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2011: Okogie urges Nigerians to rise against election rigging

By Sam Eyoboka
AMIDST fears that the 2011 general election may not be peaceful, Catholic Archbishop of Lagos Metropolitan See, Anthony Cardinal Okogie, yesterday charged every Nigerian to guard against rigging in future election to guarantee the current democratic process.

Delivering his address at the second Cardinal Okogie annual lecture, the social crusader said election rigging and all forms of electoral malpractice were fast becoming outdated and unacceptable.

“Nigeria must and cannot be an exception,” he said, stressing that if democracy is described as a government of the people then the people must be allowed to elect their leaders in an atmosphere devoid of chaos or any form of harassment and intimidation.

Okogie therefore warned that any attempt to re-enact the incident of past elections which helped to attract bad publicity to the nation, would further drag the nation to the brink of extinction.

He also urged the nation’s Judiciary to save Nigerians from professional election riggers and political imposters in order to sustain an enduring democratic rule, adding that civil society organisations and law enforcement agents should join in ensuring that the war against corruption succeeds to ensure the success of 2011 elections.

On the debate of electoral reforms before the next set of elections in the country, the Cardinal urged the Federal Government to urgently listen to the voice of reason by implementing the recommendations of the Justice Uwais-led committee.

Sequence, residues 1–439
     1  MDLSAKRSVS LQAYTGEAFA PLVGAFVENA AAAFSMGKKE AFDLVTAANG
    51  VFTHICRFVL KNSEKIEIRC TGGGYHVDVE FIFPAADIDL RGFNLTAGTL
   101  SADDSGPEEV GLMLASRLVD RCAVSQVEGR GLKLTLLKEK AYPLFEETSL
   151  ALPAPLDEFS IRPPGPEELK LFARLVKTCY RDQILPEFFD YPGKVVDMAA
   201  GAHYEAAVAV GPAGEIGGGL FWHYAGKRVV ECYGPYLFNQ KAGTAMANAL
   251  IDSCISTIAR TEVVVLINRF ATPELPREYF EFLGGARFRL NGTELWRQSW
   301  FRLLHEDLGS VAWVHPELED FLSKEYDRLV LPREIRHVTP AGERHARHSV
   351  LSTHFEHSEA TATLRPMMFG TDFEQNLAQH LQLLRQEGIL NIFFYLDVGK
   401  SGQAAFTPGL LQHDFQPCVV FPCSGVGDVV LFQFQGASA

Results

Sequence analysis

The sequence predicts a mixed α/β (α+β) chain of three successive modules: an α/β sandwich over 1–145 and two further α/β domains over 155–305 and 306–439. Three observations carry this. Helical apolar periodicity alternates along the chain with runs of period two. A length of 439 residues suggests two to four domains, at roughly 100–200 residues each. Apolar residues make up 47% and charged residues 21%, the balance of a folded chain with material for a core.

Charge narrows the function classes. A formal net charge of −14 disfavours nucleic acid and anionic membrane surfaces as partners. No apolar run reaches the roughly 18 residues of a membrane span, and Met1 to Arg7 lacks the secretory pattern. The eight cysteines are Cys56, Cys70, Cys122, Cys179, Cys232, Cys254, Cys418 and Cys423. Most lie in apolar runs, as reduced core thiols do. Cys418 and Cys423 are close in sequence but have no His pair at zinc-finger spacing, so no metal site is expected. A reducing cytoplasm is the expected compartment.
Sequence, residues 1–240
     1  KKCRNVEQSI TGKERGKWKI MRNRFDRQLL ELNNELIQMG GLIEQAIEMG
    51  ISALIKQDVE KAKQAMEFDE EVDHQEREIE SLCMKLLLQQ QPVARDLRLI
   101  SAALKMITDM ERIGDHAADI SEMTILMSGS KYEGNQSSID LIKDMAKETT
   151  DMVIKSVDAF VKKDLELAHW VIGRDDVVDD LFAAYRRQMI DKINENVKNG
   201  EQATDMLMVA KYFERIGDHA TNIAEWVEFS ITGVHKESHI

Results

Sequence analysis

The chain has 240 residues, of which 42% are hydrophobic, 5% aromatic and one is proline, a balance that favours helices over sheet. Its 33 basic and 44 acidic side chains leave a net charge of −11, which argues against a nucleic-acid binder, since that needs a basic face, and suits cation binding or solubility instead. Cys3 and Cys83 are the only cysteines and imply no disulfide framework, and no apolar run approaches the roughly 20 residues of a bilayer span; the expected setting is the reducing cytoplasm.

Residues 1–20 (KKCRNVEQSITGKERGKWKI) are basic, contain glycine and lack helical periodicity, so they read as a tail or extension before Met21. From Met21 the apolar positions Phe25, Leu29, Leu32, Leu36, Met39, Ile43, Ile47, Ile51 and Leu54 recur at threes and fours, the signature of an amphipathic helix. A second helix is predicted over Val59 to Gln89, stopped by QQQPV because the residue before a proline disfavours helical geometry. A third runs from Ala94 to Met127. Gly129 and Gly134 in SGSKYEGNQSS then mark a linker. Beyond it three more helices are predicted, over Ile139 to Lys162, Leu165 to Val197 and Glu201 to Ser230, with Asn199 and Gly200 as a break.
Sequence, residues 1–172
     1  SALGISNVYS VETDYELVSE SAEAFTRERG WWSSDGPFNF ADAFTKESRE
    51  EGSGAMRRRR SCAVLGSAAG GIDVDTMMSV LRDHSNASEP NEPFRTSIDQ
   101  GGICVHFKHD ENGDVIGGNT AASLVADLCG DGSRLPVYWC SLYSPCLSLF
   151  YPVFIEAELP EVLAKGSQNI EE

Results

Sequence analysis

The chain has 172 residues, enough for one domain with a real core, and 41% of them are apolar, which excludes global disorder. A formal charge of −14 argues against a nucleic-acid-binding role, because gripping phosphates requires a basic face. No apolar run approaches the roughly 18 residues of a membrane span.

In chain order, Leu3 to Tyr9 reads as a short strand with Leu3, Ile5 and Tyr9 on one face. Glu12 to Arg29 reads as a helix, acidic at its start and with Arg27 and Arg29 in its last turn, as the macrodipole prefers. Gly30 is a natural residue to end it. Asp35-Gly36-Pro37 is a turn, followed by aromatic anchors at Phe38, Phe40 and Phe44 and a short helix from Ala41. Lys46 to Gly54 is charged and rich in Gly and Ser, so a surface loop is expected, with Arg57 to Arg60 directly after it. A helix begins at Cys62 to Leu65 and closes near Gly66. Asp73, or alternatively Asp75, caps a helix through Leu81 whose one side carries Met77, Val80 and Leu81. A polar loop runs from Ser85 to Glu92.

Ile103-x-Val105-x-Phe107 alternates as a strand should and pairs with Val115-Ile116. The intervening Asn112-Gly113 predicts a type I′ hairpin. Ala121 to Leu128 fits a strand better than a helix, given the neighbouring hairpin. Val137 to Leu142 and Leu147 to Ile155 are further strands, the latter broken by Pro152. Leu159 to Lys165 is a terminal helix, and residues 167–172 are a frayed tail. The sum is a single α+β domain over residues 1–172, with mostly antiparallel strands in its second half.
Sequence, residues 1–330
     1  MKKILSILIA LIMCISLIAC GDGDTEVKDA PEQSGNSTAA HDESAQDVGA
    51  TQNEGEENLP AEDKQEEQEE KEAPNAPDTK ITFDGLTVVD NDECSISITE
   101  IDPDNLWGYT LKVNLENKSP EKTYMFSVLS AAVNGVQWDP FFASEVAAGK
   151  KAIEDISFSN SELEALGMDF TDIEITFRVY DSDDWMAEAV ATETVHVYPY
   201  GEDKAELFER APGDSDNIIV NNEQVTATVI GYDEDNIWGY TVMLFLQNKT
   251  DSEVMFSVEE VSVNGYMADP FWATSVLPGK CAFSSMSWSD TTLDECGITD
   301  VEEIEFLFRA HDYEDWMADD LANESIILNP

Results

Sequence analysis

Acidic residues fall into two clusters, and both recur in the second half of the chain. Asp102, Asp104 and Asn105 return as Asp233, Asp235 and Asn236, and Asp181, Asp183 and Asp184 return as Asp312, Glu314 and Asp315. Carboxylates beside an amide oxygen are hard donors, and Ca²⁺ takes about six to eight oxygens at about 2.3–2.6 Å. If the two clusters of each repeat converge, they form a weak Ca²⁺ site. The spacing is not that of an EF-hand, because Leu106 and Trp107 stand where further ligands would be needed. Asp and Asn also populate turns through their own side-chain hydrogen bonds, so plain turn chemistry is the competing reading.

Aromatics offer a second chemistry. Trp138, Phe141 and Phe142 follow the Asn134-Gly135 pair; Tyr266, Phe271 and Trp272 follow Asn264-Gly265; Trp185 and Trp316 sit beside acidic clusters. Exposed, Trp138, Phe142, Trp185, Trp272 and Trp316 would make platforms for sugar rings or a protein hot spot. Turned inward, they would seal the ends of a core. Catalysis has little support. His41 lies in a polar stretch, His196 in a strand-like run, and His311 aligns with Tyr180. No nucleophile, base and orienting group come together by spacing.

Meanwhile vice chairman of Body of Benchers and Senior Advocate of Nigeria (SAN), Chief George Uwechue advocated yesterday that there should be no retirement age for judges in the nation’s apex court, the Supreme Court and the Court of Appeal, adding that high court judges can retire at the age of 70.

Delivering the keynote address at the second Anthony Cardinal Okogie annual lecture at the St Agnes Catholic Church, Maryland in Lagos on the topic titled: ‘A Vibrant Judiciary, Veritable Agent For Enduring Democracy in Nigeria,’ Chief Uwechue, said limiting the ages of this category of judicial officers amounts to denying them their contribution to the success of democracy.

“There should be no limit to the retirement age of justices of the Supreme Court and the Court of Appeal, but High Court judges should retire at 70,” the legal icon said, stressing that the tenure of office of judicial officers, as provided for in Section 291 and their removal in Section 292 of the 1999 Constitution needs to be revisited, to ensure greater confidence in judicial officers in the discharge of their duties.

In his remark, former military president and chairman of the occasion, Gen. Ibrahim Babaginda (rtd), represented by former military governor of Lagos State, Brig.-Gen. Raji Rasaki commended Archbishop Okogie for his noble contribution to the development of the nation’s democracy.

He said that the cardinal remains a great achiever who was respected inside and outside the country in religious circles because of his vision to move the country forward, adding that the eminent cleric is a father and a close friend with whom he shares common beliefs.

Similarly, the Lagos State governorwho is also Senior Advocate of Nigeria, Mr. Babatunde Fashola said that a vibrant judicial system can not be separated from the process of institutionalising an enduring democracy in Nigeria.

Fashola who was represented by his Commissioner for Physical Planning and Urban Development, Mr. Fransisco Abosede pledged that the Lagos State government would continue to ensure that its various reforms in the legal system become guiding principle for a better democratic culture.


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